The Idaho Budget Index examines appropriation bills on several fronts to add important context to lawmakers’ discussions as they are considered on the floor of the House and Senate. Among the issues we look at in drawing a conclusion about a budget:

Does the agency requesting these funds serve a proper role of government? Has wasteful or duplicative spending been identified within the agency, and if so, has that spending been eliminated or corrected? Does the budget examine existing spending to look for opportunities to contain spending, e.g., through a base reduction? If there is a maintenance budget, is that maintenance budget appropriate? Are the line items appropriate in type and size, and are they absolutely necessary for serving the public? Does the budget contemplate the addition of new employees or programs? Does the appropriation increase dependency on the federal government?

Our analysis is intended to provide lawmakers and their constituents with a frame of reference for conservative budgeting, by summarizing whether appropriation measures contain items that are sincerely objectionable or sincerely supportable.

Analysis:

The budget for the Supreme Court, really the judicial branch, is the combined appropriation for overall court operations, the Guardian Ad Litem Program, and the Judicial Council.

Court operations have increased dramatically in recent years, with the headcount increasing from 334 Full-Time Positions in FY18 to a requested 360 positions in FY20, including positions in FY20 that could be deferred. In addition to another Ada County Judge and Court reporter position, which is driven by case-load in a growing state, this appropriation adds a Senior Financial Specialist, a Research and Evaluation Analyst, and a Court Education Specialist.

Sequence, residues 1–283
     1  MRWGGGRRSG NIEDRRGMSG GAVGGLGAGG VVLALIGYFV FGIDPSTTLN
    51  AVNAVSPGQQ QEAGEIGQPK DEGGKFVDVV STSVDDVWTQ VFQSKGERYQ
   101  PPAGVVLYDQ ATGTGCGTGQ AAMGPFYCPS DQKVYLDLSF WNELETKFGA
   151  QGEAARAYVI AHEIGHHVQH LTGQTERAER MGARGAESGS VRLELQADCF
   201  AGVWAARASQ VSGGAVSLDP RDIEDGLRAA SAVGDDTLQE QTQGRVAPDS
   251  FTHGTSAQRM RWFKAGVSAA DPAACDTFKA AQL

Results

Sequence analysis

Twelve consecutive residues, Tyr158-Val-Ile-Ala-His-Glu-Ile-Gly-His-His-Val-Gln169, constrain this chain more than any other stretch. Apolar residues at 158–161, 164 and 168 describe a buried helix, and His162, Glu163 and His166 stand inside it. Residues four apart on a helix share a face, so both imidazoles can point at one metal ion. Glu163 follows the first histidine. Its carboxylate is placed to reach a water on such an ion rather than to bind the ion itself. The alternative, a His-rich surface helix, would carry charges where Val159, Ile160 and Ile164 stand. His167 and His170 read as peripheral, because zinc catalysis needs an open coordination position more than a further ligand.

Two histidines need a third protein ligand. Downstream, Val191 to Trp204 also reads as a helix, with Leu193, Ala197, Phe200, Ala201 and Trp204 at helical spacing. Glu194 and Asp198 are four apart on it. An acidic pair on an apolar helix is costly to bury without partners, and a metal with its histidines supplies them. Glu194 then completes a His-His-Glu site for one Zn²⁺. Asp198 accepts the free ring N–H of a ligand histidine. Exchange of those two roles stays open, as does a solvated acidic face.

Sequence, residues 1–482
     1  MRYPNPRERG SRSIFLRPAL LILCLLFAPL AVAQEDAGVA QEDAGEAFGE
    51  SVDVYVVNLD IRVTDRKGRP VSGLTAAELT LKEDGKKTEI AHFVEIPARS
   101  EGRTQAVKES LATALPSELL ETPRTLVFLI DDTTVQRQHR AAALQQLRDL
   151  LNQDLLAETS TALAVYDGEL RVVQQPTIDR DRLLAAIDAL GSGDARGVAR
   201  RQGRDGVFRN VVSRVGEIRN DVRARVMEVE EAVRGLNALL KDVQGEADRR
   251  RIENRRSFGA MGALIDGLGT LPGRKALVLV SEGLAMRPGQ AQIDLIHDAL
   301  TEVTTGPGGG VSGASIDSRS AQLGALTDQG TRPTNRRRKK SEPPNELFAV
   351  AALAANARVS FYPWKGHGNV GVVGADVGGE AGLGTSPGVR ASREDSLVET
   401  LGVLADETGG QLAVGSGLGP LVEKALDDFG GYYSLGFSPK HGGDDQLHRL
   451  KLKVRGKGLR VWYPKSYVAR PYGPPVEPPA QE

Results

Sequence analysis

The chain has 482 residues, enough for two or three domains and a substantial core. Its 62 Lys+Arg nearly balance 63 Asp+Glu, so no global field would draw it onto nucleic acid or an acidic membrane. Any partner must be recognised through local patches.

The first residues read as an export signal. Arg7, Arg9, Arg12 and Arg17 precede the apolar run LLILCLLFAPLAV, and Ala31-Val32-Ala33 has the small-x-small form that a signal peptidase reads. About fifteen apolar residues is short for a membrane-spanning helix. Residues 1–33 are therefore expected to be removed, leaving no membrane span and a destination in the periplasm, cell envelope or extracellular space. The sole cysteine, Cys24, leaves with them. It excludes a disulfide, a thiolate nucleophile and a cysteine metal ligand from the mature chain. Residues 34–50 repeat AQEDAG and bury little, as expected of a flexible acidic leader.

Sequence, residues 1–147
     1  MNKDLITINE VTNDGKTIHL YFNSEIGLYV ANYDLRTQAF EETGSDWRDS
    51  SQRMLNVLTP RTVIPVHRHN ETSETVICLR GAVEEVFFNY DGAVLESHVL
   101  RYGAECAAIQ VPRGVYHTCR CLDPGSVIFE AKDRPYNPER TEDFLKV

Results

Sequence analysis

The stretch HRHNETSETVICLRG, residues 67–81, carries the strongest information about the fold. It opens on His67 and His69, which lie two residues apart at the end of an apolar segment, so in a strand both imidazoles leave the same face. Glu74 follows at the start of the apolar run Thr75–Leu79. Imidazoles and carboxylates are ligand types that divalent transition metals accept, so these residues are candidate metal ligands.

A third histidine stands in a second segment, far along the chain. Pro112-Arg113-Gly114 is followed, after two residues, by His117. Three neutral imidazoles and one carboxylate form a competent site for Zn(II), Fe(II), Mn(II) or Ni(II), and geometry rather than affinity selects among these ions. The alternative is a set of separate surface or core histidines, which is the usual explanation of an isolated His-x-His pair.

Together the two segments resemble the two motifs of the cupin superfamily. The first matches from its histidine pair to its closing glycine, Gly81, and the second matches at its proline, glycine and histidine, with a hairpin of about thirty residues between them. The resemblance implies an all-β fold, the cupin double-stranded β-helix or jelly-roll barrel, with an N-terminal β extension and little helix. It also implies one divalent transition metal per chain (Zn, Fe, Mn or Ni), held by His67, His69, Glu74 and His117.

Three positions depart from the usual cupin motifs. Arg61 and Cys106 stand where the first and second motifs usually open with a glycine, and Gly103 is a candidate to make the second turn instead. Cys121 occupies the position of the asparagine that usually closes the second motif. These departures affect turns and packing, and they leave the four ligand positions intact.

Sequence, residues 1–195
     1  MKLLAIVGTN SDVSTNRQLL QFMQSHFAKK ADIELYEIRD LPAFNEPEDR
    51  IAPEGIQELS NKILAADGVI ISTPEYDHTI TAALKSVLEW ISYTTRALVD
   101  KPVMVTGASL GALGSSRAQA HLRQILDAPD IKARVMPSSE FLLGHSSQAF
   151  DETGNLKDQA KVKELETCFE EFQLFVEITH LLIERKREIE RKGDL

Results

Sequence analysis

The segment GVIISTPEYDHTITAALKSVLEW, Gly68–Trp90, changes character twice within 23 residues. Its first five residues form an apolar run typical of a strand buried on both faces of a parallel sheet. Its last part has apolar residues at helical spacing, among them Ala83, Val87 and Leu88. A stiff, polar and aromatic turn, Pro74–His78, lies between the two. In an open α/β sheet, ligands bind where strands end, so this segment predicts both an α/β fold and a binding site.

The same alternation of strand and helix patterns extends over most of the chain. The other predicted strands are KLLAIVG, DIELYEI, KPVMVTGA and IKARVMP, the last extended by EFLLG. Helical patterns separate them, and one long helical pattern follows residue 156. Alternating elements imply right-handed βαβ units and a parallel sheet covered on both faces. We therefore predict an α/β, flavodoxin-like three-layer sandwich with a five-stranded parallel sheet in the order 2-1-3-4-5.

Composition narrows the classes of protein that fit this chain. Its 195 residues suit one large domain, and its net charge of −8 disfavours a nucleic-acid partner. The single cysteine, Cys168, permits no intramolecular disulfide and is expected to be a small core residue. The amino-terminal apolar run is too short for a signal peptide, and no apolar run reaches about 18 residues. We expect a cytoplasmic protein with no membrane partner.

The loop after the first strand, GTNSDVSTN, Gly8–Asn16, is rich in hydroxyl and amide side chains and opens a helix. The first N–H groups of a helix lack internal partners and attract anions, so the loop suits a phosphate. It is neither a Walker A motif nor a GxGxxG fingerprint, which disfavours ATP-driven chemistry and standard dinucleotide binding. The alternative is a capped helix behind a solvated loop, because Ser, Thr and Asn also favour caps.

JFAC considered and rejected a substitute motion to use reversion dollars from unspent funds to cover the cost of the Senior Financial Specialist. The General Fund increase of 4.8 percent from prior year appears counter-balanced by a 12.6 percent reduction in Dedicated Funds. However, the reduction in dedicated funds results from the fact that FY19 was the fifth and final year of the court technology implementation plan and therefore that reduction in one-time funds should not mask the overall increase in funding.

While JFAC deserves credit for trimming many items from the governor’s request including even more FTP’s and programs, the addition of 7 FTP’s over the prior year original appropriation (2 added during FY19) is something that should be reconsidered. Three of those positions are in the analytical and educational realm.

Rating: -1